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Review: Dumping of dead guy brings 'Fargo'-esque ineptitude to Alabama in 'Death of Dick Long'

Andre Hyland and Michael Abbott Jr. have got a problem with a dead buddy in "The Death of Dick Long"

Andre Hyland and Michael Abbott Jr. have got a problem with a dead buddy in "The Death of Dick Long" A24

If you’ve seen anything by director duo Daniels—Daniel Kwan and Daniel Scheinert—then you know The Death of Dick Long is going to be a little weird.

Their take on DJ Snake and Lil Jon’s “Turn Down for What,” in which various people find their sexy parts supernaturally gyrating as they fall through building floors, is one of the more memorable music videos ever made. Their surreal short film “Interesting Ball” is 12 minutes of indescribable what-the-fuckery. And their first feature, Swiss Army Man, opens with Paul Dano riding a farting corpse (played by Daniel Radcliffe) like a Jet Ski, which pretty much speaks for itself.

Compared to all that, The Death of Dick Long is actually pretty tame. But it’s still plenty odd thanks to its big reveal. There’s a line of thought that goes, “Saying there’s a twist is a spoiler,” which I agree with—but this isn’t some M. Night Shyamalan inversion. It’s not even a twist so much as a shocker. Trying to figure things out is half the fun here, and Sherlock Holmes at the height of his coke mania couldn’t solve this case off a spoiler tag alone.

Directed by a solo Scheinert, the movie is a kind of dumbass mystery-slash-black comedy, with a couple good ol’ boys named Zeke and Earl (Michael Abbott Jr. and Andre Hyland) bringing Fargo-esque ineptitude to rural Alabama. After a night of drinking heavily, smoking weed, shooting fireworks, and doing god knows what else, Zeke and Earl drop their injured buddy Dick (Scheinert) in front of an emergency room and scram. We won’t learn exactly what happened until about halfway through the movie, but one thing is immediately clear: Dick is dead.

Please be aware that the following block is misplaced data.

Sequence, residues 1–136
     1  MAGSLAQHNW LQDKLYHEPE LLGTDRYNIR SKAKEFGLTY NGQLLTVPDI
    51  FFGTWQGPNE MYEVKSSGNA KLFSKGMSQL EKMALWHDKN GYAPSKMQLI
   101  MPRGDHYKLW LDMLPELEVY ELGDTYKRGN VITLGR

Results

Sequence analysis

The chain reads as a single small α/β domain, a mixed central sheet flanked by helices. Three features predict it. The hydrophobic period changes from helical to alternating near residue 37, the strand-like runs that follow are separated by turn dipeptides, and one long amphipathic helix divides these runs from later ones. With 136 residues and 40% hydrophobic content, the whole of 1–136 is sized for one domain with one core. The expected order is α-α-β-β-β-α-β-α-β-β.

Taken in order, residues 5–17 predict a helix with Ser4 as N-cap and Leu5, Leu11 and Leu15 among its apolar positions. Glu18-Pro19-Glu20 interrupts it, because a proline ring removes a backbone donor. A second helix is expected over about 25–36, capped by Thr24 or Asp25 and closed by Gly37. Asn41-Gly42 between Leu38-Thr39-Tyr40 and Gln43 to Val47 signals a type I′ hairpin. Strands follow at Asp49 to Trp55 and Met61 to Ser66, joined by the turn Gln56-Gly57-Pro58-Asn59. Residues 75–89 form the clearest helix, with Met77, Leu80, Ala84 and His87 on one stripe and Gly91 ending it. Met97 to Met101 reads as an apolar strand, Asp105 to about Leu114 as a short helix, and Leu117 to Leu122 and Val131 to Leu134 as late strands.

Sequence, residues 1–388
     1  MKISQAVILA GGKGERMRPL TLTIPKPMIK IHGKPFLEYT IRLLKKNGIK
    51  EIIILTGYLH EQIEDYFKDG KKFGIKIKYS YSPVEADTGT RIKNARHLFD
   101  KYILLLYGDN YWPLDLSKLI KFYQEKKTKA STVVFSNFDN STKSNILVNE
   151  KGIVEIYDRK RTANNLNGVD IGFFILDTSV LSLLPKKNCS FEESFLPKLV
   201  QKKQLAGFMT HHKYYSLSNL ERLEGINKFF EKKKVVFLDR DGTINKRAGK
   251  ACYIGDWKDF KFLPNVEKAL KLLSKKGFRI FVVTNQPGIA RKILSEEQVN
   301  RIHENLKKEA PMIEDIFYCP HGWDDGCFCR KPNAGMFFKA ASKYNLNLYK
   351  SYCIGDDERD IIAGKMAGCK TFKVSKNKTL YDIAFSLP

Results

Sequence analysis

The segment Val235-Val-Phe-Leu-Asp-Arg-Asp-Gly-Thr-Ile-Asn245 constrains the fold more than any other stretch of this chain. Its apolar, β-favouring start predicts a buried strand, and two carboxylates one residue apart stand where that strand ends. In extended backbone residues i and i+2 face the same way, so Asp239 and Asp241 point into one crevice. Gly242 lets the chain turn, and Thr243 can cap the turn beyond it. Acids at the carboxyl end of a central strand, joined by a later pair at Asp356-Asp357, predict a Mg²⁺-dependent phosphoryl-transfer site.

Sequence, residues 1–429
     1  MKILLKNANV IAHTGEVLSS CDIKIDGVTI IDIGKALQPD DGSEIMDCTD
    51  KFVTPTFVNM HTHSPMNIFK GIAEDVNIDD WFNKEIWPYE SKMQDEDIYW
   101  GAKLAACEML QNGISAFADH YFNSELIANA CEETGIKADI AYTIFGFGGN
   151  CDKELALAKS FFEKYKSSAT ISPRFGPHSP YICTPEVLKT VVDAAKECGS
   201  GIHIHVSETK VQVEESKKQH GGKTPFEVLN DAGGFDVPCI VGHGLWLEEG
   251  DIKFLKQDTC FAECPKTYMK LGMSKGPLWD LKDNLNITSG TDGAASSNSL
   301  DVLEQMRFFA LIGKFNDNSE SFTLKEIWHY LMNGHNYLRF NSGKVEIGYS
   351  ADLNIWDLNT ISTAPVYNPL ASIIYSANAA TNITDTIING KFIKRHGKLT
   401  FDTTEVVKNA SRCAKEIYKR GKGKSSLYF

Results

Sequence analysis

Scheinert isn’t quite at Coen status yet, but the way he builds to the cause of death shows that his directing chops go beyond goofball antics. Replace the act in question with a more mundane revelation and The Death of Dick Long would still be a funny, suspenseful story. What’s more, it would still be a strangely affecting portrait of a guy trying to come to terms with his life and himself.

That makes Zeke’s ultimate confession all the more disarming. “Is this real life?” asks his wife (Virginia Newcomb). And though we the viewer know it’s not, we’ve bought into the narrative enough at this point to truly feel her bafflement. Ears perk up as the brain reevaluates everything you’ve seen to this point. Surely that can’t be what really happened, you think; I must have heard that wrong. And yet....

With all that in mind, and without giving away too much, it’s safe to say The Death of Dick Long will be divisive. If you’re a fan of typical thrillers or murder mysteries, chances are you’re going to leave the theater wondering what the hell you just watched. However, if you dig absurdist humor and can get behind the genre blend, this movie delivers a unique watch. If nothing else, The Death of Dick Long will be a memorable experience for both parties.

The Death of Dick Long
Director: Daniel Scheinert
Starring: Michael Abbott Jr., Virginia Newcomb, Andre Hyland.
Rated: R
Theater: Area theaters, now playing